PRESTON: Yeah, no doubt. And I also think that, Kate, he also gave us clues to the future. He also said we will never, ever be silent in the face of evil again. You can take what happened back then, you can look where we are in Syria right now, and you have to wonder, was he talking about Syria? He also talked about aggressors attacking Israel, and you have to say, my gosh, is he speaking about Iran? So, you know, there are possibly some clues we can take away from this speech today about how he will act on foreign policy in the future.

BOLDUAN: An important event every year. And a shout-out to the Holocaust Memorial Museum, one of the most important institutions that you can visit and support in Washington, and visit and see that memorial museum.

We'll be right back.


[11:51:32] BOLDUAN: New developments in the push towards President Trump's 100th day in office. Many Republicans now kind of pushing back already on Trump's proposal to cut the corporate tax rate from 35 percent to 15 percent. Where does this go from here?

Let's talk about this. CNN senior political analyst, Mark Preston, is still here with me; and politics reporter for "The Daily Beast," Betsy Woodruff, is joining us.

Mark, cutting corporate taxes is something Candidate Trump promised and we know President Trump wants. But it does not seem completely in line where Republicans are at the moment and have been for a long time on their dream of real, kind of, like, once-in-a-generation tax reform.

PRESTON: Long sustained tax reform. Republicans would love to see corporate taxes cut as well, and that is part of their proposal, or at least their proposal. But right now, they have a 35 -- Trump wants to go from 35 percent down to 15 percent, and to do that, you would add $2.4 trillion to a debt that we already have at more than $19 trillion. Put that all together and you have fiscal conservatives in Congress who can't swallow that.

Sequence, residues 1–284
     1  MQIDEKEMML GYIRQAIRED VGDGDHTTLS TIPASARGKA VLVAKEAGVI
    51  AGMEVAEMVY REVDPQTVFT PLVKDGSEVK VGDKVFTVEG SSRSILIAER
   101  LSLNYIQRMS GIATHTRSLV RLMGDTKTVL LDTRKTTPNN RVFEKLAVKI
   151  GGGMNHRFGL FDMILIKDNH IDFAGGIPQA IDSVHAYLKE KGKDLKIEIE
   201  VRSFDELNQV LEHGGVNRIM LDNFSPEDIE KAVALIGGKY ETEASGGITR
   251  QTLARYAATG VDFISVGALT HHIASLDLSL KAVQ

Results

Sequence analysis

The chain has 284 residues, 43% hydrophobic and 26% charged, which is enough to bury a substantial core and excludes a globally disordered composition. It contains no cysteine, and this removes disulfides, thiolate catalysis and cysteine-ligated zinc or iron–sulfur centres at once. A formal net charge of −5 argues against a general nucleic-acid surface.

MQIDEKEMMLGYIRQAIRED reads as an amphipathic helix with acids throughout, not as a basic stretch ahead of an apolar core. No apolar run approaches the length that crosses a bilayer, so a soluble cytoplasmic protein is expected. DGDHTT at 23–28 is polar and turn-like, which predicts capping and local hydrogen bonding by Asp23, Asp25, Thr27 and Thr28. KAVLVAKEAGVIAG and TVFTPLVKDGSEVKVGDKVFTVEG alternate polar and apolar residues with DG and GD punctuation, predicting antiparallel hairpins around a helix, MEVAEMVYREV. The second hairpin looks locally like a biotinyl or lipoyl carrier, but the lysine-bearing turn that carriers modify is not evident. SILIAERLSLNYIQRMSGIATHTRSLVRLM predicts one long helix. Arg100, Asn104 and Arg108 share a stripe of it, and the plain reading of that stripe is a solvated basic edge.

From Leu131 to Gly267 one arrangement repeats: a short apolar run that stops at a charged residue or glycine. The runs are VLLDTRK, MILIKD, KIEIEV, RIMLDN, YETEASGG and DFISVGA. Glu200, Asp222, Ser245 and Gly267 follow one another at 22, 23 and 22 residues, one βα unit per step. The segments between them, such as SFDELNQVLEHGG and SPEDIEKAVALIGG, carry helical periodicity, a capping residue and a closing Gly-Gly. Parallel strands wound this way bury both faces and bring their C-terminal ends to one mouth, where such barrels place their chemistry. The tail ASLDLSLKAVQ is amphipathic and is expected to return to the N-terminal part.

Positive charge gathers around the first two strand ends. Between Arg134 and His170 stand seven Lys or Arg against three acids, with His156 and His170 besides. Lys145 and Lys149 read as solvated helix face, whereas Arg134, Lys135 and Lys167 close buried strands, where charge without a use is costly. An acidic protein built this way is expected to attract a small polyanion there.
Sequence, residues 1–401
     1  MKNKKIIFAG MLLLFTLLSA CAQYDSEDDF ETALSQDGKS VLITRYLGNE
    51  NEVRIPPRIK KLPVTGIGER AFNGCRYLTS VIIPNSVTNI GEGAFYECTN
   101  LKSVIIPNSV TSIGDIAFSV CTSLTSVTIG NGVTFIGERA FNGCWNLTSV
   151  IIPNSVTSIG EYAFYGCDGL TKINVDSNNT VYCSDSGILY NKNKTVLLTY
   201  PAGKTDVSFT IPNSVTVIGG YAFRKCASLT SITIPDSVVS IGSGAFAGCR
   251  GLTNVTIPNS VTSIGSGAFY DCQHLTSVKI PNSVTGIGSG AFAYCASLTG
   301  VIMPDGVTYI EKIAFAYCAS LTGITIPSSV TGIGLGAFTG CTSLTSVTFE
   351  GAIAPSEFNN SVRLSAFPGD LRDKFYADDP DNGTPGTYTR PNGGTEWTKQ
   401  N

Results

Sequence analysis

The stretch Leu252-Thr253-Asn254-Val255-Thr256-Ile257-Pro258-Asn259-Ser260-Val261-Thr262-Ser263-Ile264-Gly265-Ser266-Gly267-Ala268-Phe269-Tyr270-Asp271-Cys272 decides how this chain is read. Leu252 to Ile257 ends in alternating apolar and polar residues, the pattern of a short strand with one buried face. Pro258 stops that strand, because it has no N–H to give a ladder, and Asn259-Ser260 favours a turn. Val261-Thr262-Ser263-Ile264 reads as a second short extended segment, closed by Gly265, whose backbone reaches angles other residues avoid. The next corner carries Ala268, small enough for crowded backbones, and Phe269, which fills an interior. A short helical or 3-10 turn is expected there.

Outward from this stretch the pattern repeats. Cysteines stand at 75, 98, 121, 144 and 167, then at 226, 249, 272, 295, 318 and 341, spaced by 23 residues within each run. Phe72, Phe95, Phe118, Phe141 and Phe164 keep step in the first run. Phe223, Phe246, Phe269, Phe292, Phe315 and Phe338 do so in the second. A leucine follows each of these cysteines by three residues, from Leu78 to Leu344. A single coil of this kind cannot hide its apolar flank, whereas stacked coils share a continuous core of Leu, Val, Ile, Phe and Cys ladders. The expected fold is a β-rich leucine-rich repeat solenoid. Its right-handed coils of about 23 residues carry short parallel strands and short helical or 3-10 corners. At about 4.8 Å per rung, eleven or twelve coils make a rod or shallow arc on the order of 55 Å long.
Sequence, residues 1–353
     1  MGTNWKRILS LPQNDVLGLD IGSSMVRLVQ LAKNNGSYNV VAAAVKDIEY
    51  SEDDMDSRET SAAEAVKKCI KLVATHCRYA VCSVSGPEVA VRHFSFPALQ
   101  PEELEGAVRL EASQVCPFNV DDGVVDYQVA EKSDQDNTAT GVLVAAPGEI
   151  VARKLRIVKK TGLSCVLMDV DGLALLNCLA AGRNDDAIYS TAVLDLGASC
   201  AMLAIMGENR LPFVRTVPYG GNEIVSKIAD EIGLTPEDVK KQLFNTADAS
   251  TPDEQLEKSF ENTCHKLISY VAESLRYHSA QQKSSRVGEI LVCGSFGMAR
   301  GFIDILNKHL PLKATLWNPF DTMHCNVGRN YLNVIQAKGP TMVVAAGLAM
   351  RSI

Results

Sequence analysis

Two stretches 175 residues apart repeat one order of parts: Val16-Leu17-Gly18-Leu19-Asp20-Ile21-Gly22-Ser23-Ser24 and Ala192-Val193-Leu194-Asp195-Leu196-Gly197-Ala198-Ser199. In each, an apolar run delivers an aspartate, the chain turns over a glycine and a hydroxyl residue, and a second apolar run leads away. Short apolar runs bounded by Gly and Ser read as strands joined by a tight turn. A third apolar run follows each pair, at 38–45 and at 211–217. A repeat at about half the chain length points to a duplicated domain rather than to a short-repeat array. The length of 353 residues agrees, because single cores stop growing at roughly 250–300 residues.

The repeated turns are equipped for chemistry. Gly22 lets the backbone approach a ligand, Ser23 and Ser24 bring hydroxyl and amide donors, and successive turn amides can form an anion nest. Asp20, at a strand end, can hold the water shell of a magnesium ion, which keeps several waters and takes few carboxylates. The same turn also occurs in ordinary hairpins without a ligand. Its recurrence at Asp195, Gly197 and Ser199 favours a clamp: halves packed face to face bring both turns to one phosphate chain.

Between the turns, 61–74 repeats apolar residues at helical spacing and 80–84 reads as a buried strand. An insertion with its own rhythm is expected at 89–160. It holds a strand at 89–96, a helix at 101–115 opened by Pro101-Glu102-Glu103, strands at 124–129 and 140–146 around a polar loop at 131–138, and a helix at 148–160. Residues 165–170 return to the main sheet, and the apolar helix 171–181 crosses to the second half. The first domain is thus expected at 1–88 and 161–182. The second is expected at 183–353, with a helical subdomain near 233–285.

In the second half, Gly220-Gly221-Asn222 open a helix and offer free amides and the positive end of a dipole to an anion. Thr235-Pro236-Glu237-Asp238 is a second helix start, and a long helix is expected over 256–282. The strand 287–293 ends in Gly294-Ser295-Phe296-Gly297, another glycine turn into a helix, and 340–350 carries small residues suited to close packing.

BOLDUAN: Betsy, what are you hearing? Could this be a replay of how health care played out? Your Democrats, they're not going to offer up any help whatsoever in these negotiations, and then could this end up in the way of health care, meaning the factions of the Republican Party just go where?

BETSY WOODRUFF, POLITICAL REPORTER, THE DAILY BEAST: That's certainly plausible. And the fact that the White House is moving fairly quickly on tax reform. They haven't laid out a lot of the details. Absolutely recall the health care mess that we all went through about a month ago. That said, I think it's a very good chance that this 15 percent tax rate is an opening gambit. We know Trump is a big fan of putting out sort of dramatic first bids that might not necessarily be what the end result looks like. I think there's a good shot that's what we're going to be seeing in this situation. That said, the Trump administration has been very bullish about where they see this potentially going and --


BOLDUAN: Right. And, Betsy --


WOODRUFF: And Secretary Mnuchin said it would pay for itself, which is not --

BOLDUAN: Do you think that it helps that the president is out in front and kind of laying this out first? We know Paul Ryan has been working on blueprint since like the moment he entered Congress.